You sure about that?
It’s not considered a dup.
You sure about that?
And you weren’t aware of the impending collision how? You have the map that tells you about the planes around you, and you have your eyes. How did you miss that there was a plane barreling towards you at the same altitude and did not take corrective action about it? I’m perplexed.
What, the topic is about mid-air collisions according to the title, not near misses.
tl;dr: Draconian applications of rules goes both ways.
Clearly one of you was flying at the incorrect altitude for their heading… who was it?
I’m pretty sure west bound are even altitudes and east bound odd?
Correct you are
This is exactly why the different flight levels have to be used. What altitude was “Josh” at?
…wish pilots would adhere to that.
Think it’s called “realism”. 🤔
That’s what happens when Approach controllers have to do more than they actually have to. Happened to me as a controller aswell once, because the other guy was not tuned in to my frequency.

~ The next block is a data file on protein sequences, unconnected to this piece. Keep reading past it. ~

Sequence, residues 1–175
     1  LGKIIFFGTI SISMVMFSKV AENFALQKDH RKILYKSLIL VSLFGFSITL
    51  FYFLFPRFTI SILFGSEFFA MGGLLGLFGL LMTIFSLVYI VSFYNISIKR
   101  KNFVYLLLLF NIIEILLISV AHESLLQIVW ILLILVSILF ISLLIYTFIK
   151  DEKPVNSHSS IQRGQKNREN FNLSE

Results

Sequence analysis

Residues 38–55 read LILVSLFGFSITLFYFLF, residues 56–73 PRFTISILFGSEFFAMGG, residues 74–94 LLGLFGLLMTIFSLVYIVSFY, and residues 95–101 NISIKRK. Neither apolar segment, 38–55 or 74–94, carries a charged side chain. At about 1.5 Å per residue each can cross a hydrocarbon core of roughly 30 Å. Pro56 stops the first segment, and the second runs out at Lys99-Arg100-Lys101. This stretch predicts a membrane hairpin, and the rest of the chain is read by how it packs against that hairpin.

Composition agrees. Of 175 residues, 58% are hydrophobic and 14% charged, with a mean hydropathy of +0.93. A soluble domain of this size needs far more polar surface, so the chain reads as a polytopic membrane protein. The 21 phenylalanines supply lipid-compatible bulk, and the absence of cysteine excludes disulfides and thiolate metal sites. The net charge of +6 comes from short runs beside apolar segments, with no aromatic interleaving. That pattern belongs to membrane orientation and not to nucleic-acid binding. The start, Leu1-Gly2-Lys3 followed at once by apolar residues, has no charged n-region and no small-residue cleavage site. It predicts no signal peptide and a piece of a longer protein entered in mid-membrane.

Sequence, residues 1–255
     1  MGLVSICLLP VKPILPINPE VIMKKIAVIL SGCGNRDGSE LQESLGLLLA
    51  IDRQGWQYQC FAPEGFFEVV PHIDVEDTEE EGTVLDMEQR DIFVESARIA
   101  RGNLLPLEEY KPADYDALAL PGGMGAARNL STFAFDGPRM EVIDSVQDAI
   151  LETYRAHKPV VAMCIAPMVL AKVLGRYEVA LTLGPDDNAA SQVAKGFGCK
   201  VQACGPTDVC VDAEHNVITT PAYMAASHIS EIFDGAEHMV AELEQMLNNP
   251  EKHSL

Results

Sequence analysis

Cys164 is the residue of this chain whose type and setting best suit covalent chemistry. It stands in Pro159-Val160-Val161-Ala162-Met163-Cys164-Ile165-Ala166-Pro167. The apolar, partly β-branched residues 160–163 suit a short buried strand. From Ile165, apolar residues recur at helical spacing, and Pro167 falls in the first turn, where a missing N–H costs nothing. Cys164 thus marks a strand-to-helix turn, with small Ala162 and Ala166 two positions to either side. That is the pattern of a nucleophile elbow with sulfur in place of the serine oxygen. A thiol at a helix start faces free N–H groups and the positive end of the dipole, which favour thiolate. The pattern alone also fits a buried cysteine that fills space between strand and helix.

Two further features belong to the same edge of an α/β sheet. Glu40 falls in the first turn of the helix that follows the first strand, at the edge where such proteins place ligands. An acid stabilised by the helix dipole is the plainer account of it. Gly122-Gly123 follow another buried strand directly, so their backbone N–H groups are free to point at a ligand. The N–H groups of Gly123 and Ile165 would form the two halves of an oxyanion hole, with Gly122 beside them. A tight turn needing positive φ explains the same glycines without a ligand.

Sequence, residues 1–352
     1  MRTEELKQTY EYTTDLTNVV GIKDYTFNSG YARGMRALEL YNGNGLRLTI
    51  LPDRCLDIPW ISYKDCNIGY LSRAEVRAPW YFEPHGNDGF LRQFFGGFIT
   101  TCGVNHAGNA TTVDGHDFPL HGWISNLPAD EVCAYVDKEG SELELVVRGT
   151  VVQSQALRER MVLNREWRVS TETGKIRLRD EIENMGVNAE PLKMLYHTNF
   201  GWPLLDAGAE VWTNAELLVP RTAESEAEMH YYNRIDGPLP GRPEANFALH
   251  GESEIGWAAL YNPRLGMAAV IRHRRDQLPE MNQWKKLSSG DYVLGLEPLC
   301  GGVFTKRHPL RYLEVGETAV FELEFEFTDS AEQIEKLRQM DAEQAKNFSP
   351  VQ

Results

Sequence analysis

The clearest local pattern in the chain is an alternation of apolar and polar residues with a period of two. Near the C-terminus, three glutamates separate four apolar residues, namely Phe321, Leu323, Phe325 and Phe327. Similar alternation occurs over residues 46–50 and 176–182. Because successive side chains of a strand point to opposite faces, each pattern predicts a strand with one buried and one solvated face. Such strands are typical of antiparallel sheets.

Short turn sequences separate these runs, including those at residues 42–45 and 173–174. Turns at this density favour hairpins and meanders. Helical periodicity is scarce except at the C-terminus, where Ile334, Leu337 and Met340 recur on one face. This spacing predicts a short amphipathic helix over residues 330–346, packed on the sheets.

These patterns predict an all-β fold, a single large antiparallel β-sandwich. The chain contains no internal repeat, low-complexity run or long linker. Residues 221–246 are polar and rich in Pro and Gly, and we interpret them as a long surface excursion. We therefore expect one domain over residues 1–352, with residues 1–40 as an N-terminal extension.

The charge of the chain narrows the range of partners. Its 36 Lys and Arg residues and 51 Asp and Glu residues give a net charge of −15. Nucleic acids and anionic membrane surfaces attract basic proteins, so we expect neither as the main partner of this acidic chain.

It was Josh’s mistake, it wasnt yours I think. You were going at heading 253, so he was meant to be at 31,000 or 29,000ft according to this.
MaxSez: @Rapture_Actual… VFR Rule (See & Avoid), IF primitive TCAS Red blip in cockpit scope, Continual Scan, Alt Seperation, Passing Rule, etc. your getting rusty Pilot. See the Tutorial “Rules of the Airways”. LOL… Regards, Msx
I think this calls for audible TCAS warnings!
Yes. My ringtone is ‘traffic traffic’
Why a poll?
There could put it but I aslong as it is only in expert sever better other sever people may troll you with it
What if one aircraft is climbing and the other is descending?
You can’t skip odd or even altitudes, so how is that solved?
My ringtone is the 767 master caution.
Needed along with GPWS
@Jan. MaxSez: it’s situation dependent, common sense trumps regulation,
(All case Written guidance would take a Forest of pulp wood.)
Since there is no ACAS and you can’t communicate with other pilots, you just take a wild guess?
@Jan “ACAS”? Or “TCAS” ?
ACAS = Ground Collision Avoidance Technology
TCAS = Mid-air Collision Avoidance System.
I hate when you’re right, @Maxmustang! ;)
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